Dredging Roundup - Latin America
President Dilma Rousseff signed a bill into law June 5 that drastically reforms Brazil’s port regulations, allowing more international companies to participate in upgrading and maintaining the nation’s port infrastructure. The reforms will also help usher in major investments in the ports—to the tune of $30 billion in coming years—including the dredging of virtually all of Brazil’s medium-sized and large ports. These investments aim to end the logistical bottlenecks the nation has become known for. Old regulations ruling Brazil’s ports for decades prohibited international companies from dredging or making large byways into port management there; the new law should open up both the dredging industry and port management to companies from the U.S. and elsewhere.
Uruguay has contracted a French company to construct and operate an offshore regasification plant to the west of the Port of Montevideo, MercoPress reports. In May, Uruguayan officials announced that French gas and power group GDF Suez SA had won the contract, for which they will be paid $14 million a month for the next 20 years. In June, Uruguayan energy director Ramon Mendez announced that dredging for the project would begin in the weeks to come. In addition to overseeing dredging and constructing the plant by 2015, Suez will also be responsible for building a breakwater and connecting the plant to the country’s gas pipeline network. The terminal will be capable of storing 267 million cubic meters (about 349 million cubic yards) of natural gas, MercoPress reported.
The Colombian government has announced an ambitious plan to launch its Port of Cartagena into the stratosphere of the shipping world. It plans to invest $1 billion into the port over two phases in the coming years, in a project called Mega2017. With these investments, it aims to make the port one of the 30 largest in the world, with the capacity to move up to fi ve million containers a year, according to the publication El Tiempo. The Caribbean port has already made large leaps in its capacity: in 1993, the port was handling just 96,000 containers a year; last year, it was close to 2.3 million, reports the Global Post. As part of this expansion, the port would be dredged from its current 41-foot depth to at least 50 feet, in order to accommodate the larger ships anticipated to be traversing the world’s oceans after the Panama Canal is expanded.
The Port Authority of Jamaica hopes to use proceeds from the privatization of the Kingston Container Terminal to fund the dredging of the Kingston Harbour. As IDR reported in its March/April issue, the natural harbor at Kingston is currently about 46 feet deep, but government offi cials seek to dredge it to 56 feet. However, offi cials were still contemplating how to find financing for the project. The Jamaica Gleaner reported that the Port Authority is pushing for the speedy privatization of the container terminal, so it can use the proceeds for the dredging project, which it would like to complete by 2015, when the expanded Panama Canal is expected to open and new megaships will begin looking for deep harbors to call in.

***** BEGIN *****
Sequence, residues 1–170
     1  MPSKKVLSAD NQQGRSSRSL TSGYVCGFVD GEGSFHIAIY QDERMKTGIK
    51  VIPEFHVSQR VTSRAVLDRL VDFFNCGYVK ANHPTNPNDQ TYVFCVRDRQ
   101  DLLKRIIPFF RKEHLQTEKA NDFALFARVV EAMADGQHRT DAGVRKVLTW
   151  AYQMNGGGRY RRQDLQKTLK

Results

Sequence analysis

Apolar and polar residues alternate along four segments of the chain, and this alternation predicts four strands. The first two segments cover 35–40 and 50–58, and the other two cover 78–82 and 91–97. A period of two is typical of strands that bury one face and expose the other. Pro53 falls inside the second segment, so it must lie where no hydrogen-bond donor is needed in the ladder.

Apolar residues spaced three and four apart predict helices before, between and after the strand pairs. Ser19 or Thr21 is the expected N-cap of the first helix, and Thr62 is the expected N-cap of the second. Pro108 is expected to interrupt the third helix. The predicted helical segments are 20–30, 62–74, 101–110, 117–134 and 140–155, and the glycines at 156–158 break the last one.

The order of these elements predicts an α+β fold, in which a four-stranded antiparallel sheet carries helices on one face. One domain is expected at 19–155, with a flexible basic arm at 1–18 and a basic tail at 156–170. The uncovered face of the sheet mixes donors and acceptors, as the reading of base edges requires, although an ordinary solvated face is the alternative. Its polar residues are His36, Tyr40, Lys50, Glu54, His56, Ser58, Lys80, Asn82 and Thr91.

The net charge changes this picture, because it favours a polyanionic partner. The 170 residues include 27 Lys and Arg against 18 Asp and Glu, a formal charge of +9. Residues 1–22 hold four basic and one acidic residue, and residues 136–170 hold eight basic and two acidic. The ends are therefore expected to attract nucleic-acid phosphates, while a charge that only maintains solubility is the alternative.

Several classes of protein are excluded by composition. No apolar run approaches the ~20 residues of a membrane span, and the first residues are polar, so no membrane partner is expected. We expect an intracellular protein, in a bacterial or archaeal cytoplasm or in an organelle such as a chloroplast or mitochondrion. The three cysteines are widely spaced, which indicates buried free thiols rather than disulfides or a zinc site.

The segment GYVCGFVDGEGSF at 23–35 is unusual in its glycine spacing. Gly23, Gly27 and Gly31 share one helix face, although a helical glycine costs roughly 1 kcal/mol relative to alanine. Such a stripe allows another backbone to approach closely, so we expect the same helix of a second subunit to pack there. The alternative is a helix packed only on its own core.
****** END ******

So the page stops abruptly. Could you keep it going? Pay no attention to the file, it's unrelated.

IHC Merwede has offi cially delivered its backhoe dredge Alberto Aleman Zubieta to the Panama Canal Authority (ACP), the second large dredge it has delivered for use in the canal in recent years. The backhoe dredge, which was named for the former longtime administrator of the authority, was developed specifi cally to operate in the canal’s Gaillard Cut, where it will dredge blasted rock and soil as the authority continues its project to expand the canal. The dredge was used for a 30-day trial period in April, and then was officially turned over to the ACP. IHC Merwede previously delivered the cutter suction dredge Quibian 1 to the authority.
Major dredging and improvement projects to the Port of Tubarão concluded in May, allowing the port to begin fully loading massive iron ore ships for the first time, according to a press release by Brazilian mining company Vale. The port had been dredged from a depth of 74 feet to 83 feet, work that took 22 months and avoided interrupting port activities. That expansion was conducted in order to allow Valemax ships—iron ore carriers with a capacity for 400,000 metric tons and a draft of 75 feet—to be fully loaded. Until the expansion was completed, the Valemax ships were only partially loaded.
Conflict is brewing over the exact state of the dredging project on Venezuela’s Rio Guaire. The country’s Noticias 24 is reporting that while the country’s minister of the environment has announced the completion of a long-awaited dredging project on the river, a leader of the opposition political party Primero Justicia claims the work was not done. The director gave the news crew a tour of the river and pointed to areas where sedimentation had formed islands in the river, but had not been dredged or cleared.
The Mexican Ministry of Communications and Transport (SCT) has issued a tender for supervision of the dredging of the Port of Tecolutla, in the state of Veracruz. The dredging will be conducted in the silt catchment pit in that port. The submission of proposals will be on July 22 and the ruling will be announced July 29; the work will begin on August 1 and is expected to last 135 days.